“I’m very sorry that we can’t publish your pictures and your good news in the Cordecho,” Sister Edith Wyss wrote. “We had a similar request several years ago and we did publish that announcement of the marriage of an alum to her partner. We did expect some negative response and we got some.

“However some readers of the Cordecho also contacted the Diocese of Buffalo. The bishop sent a diocesan official to meet with us at SHA to make sure that we understood what we had done,” Wyss wrote. “In their view, we were publicly supporting same-sex marriage. In our view, we were supporting our alumnae.”

The bottom line, according to Wyss, was that the Cordecho – published three times a year in winter, spring and fall – could not again print news or photos related to same-sex marriage.

Wyss declined to be interviewed for publication, but did return a phone call seeking her comment. The email, she said, was an accurate reflection of her sentiment.

I usually try to avoid the comments on online news sites; they tend to be troll-filled spouts of hate and stupidity with enough flame-throwing to take down a small city.  But the comments to this story included one from the "similar request" that caused such a kerfuffle:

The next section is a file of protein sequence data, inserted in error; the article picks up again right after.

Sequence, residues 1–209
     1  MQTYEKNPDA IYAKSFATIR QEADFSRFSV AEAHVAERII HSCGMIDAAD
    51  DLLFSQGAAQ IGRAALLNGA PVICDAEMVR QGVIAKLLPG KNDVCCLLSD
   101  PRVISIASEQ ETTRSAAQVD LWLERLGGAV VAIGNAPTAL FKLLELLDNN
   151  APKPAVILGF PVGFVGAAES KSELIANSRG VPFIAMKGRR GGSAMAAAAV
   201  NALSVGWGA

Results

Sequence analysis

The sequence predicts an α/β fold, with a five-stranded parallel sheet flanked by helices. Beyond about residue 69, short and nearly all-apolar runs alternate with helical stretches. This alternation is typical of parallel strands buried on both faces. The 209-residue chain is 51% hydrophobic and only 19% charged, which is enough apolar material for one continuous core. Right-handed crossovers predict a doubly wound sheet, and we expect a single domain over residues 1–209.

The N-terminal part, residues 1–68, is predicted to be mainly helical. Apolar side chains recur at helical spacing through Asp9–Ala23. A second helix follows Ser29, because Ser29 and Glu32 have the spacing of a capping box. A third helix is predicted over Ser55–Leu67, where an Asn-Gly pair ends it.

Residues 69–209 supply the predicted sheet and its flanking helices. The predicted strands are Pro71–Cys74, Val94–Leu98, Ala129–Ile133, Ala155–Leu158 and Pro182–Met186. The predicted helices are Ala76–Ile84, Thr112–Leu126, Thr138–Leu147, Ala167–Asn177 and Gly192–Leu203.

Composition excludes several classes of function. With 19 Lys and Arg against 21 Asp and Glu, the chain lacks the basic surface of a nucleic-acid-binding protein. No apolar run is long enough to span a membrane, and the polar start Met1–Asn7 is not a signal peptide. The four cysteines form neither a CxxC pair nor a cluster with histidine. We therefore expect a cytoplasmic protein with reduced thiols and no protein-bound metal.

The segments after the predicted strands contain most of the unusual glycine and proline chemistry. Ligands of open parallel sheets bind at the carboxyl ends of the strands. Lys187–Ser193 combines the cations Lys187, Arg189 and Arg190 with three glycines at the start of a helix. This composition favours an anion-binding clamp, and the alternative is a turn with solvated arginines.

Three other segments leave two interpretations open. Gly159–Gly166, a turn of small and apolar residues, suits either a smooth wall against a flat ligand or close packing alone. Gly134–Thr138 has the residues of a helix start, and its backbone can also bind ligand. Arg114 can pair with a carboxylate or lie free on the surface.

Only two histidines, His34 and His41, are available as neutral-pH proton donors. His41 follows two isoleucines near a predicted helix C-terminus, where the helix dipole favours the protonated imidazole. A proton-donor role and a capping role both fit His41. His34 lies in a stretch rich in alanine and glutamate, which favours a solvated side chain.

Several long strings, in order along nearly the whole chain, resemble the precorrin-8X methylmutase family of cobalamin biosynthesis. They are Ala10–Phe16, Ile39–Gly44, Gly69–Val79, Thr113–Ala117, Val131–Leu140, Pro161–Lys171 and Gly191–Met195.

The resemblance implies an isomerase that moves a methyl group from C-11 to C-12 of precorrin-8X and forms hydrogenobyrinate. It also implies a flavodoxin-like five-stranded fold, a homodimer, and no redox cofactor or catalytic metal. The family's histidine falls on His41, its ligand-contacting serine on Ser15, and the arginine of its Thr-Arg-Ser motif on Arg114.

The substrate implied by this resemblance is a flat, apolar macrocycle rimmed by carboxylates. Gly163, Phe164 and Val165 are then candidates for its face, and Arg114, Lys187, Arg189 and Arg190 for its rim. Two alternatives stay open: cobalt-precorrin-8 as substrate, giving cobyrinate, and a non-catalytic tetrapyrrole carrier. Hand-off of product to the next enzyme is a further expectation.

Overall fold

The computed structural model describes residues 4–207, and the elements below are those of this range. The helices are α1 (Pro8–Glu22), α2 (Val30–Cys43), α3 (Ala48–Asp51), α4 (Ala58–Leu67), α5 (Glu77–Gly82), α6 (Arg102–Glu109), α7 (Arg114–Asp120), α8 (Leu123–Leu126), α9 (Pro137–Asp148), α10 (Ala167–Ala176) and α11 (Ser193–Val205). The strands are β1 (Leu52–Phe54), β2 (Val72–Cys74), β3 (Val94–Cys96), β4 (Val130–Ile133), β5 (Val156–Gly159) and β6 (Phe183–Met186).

Sacred Heart Academy, from which I graduated in 1981, posted my marriage to Theresa three years ago in the Cordecho. The Bishop then sent his "representative" or goon if you will, to threaten the board of directors and the head of school should they every do that again. I am proud to say there were several SHA alum at my wedding along with two Franciscan Sisters. I heard from many other classmates and former teachers congratulating me, including Sister Edith, quoted in the article. I am confident that SHA would have continued posting lesbian marriages had it not been for the Bishop. If I had a daughter, I would be proud to send her to Sacred Heart Academy. I thank God every day for the faculty and staff who supported me as I struggled all those years ago with my sexual identity. God bless them and save them from narrow minded fools, including the bishop.

Another commenter wisely questioned whether the Bishop has a similar doctrinal aversion to posting wedding announcements from couples who included a previously divorced spouse, or who had cohabitated prior to the wedding- both equally stonable offenses under both commandment and catechism. But those don't flaunt it the way, you know, BEING BORN WITH TEH GAY does. No way His Eminence is going to allow such irrefutable proof of God's sick sense of humor into one of HIS school publications.